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Process for Obtaining Green Algae Oil As A Resource Development Effort Alternative Raw Materials on Biodiesel Production Process

Kamaruddin Eddiwan*, Budijono and Muhammad Hasbi

Department of Fisheries and Marine Sciences, University of Riau, Tampan, Pekanbaru, Indonesia

*Corresponding Author:
Eddiwan K
Department of Fisheries and Marine Sciences
University of Riau, Tampan
Pekanbaru, Indonesia
Tel: +6276163274
E-mail: kamaruddineddiwan@gmail.com

Received Date: 22/01/2018; Accepted Date: 17/03/2018; Published Date: 24/03/2018

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Abstract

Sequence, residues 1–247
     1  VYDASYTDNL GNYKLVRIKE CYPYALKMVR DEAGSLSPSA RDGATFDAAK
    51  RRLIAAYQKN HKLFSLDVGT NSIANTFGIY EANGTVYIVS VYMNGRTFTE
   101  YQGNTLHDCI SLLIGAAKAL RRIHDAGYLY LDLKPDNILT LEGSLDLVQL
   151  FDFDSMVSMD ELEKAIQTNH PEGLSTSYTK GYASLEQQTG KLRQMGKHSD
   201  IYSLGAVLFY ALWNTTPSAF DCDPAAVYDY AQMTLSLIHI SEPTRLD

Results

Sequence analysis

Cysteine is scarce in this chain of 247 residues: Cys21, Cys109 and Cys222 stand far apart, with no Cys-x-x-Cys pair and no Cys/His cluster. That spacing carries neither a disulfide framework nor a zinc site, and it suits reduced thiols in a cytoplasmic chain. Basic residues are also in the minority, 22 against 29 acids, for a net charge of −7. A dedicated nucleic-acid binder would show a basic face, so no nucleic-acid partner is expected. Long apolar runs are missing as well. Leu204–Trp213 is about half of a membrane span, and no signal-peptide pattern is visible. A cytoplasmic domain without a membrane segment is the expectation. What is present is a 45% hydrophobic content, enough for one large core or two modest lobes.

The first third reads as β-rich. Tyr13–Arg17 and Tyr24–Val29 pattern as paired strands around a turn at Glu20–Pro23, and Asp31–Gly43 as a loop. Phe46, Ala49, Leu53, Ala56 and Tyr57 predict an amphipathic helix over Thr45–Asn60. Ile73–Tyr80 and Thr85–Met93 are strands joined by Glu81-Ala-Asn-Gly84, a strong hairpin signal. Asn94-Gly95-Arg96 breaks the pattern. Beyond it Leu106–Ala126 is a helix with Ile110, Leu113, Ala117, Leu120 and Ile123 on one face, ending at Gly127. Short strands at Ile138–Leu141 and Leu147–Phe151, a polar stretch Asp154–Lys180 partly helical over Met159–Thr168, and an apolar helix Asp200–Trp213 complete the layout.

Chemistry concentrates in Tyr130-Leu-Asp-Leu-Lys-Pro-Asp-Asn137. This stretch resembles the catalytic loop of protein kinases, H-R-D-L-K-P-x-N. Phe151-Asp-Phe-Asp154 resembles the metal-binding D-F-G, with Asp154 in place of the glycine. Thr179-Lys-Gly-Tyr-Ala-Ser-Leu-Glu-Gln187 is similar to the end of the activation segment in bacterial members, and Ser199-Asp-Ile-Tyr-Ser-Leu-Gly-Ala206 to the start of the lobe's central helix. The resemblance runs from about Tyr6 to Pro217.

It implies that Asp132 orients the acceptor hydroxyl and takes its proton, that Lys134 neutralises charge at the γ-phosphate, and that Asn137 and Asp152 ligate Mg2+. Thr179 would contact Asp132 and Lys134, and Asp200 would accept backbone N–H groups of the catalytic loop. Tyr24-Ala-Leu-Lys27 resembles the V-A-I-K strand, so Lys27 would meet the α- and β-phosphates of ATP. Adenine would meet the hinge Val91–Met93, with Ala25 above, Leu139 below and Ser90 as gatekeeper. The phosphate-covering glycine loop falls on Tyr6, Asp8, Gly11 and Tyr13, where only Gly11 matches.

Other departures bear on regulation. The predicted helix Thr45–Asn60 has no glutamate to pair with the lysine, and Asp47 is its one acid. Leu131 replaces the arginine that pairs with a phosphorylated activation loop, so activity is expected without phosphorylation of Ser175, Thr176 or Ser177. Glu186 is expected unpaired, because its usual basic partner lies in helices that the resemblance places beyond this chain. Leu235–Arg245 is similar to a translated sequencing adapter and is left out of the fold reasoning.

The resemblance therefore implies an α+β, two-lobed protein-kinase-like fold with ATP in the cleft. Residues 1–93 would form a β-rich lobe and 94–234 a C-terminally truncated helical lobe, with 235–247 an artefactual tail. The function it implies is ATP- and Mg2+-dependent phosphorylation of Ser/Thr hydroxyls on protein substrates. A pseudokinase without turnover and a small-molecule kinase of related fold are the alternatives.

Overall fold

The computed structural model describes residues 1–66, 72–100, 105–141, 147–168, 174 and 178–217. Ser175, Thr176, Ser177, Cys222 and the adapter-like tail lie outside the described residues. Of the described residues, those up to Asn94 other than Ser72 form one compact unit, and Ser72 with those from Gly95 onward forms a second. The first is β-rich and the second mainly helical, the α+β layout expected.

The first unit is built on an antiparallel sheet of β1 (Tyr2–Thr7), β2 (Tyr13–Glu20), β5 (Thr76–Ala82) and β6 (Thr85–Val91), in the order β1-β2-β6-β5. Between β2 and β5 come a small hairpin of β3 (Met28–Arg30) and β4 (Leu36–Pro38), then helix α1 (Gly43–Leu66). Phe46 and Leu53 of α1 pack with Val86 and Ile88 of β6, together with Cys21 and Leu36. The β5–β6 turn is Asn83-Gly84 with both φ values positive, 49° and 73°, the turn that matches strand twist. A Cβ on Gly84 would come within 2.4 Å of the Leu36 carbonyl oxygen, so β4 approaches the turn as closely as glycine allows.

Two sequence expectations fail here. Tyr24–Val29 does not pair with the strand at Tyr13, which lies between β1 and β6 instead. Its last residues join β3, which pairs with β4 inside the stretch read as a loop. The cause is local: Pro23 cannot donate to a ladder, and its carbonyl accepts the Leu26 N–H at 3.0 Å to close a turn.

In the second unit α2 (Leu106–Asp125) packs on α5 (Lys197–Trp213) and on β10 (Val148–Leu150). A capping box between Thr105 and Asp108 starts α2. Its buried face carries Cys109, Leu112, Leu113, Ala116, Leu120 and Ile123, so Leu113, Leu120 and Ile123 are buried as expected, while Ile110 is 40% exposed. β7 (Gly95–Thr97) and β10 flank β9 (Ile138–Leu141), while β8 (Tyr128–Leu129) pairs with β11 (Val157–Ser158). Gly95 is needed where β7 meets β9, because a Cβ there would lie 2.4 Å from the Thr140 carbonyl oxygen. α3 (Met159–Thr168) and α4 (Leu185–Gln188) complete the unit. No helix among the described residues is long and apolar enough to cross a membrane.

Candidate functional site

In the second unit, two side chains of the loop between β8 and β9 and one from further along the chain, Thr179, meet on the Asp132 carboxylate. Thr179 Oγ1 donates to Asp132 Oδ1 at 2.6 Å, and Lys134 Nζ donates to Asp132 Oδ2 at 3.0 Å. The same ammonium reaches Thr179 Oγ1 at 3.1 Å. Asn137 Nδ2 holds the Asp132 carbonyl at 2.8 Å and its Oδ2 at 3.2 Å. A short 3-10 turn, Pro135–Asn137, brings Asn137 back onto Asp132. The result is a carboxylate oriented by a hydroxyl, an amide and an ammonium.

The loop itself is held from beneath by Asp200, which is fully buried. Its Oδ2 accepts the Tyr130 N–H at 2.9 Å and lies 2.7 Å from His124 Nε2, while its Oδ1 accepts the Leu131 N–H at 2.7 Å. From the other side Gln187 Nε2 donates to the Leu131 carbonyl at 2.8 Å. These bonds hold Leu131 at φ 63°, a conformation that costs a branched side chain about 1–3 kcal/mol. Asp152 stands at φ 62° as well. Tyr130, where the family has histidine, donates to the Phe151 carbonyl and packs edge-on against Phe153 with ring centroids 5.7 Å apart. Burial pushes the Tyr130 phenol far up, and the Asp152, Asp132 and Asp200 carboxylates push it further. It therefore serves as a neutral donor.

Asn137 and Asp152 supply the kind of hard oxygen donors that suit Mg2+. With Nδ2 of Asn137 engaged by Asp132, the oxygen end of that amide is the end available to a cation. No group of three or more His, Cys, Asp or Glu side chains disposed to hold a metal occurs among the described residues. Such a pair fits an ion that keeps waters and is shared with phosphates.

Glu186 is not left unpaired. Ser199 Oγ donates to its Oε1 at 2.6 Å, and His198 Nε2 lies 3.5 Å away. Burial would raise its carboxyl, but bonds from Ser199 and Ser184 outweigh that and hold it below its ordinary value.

Microalgae have received much attention as a renewable energy source. Microalgae have high potentials in biodiesel production compared to other oils crops. First, the cultivation of microalgae does not need great areas as compared to that of Terraneous plants. Biodiesel produced from microalgae will not compromise the production of food and other products derived from crops. Second, microalgae grow extremely rapidly and many algal species are rich in oil. Because of the reasons they reason, we used Green Algae as microalgae in this experiment. The osmotic method was chosen because microalgae are multispecies and a multi-cell microorganism with the semipermeable membrane, which is delicate in osmotic pressure shock. Green Algae can grow well in 20 - 40°C in slightly alkaline solution and highlight intensity roommates are suitable in Indonesia's weather. Acid chloride as a solvent was chosen because of their highest osmotic pressure effect due to their semipermeable membrane. Also, percolation method used as the reference method, this method is usually adopted in pharmacy industries to recover volatile oils. 77.236% - weight of algae oils in this study was extracted using ethanol as a solvent. The percentage of oil by ethanol was bigger than to the HCl-osmotic method, only 71.218% - the weight of oil was extracted by the osmotic method. With increasing the number of solvents, the time of mixing and the higher molarity of the solution will be the rise of algae oil. The yield of algae oil by hydroalcoholic phase and operation time. 37.63% water in hydroalcoholic phase Contain give 76.584% the weight of oil. The solvent types are used also roommates influence the algae oil composition, especially the composition of the FA, MG, DG, and TG and pigment compounds in the oil.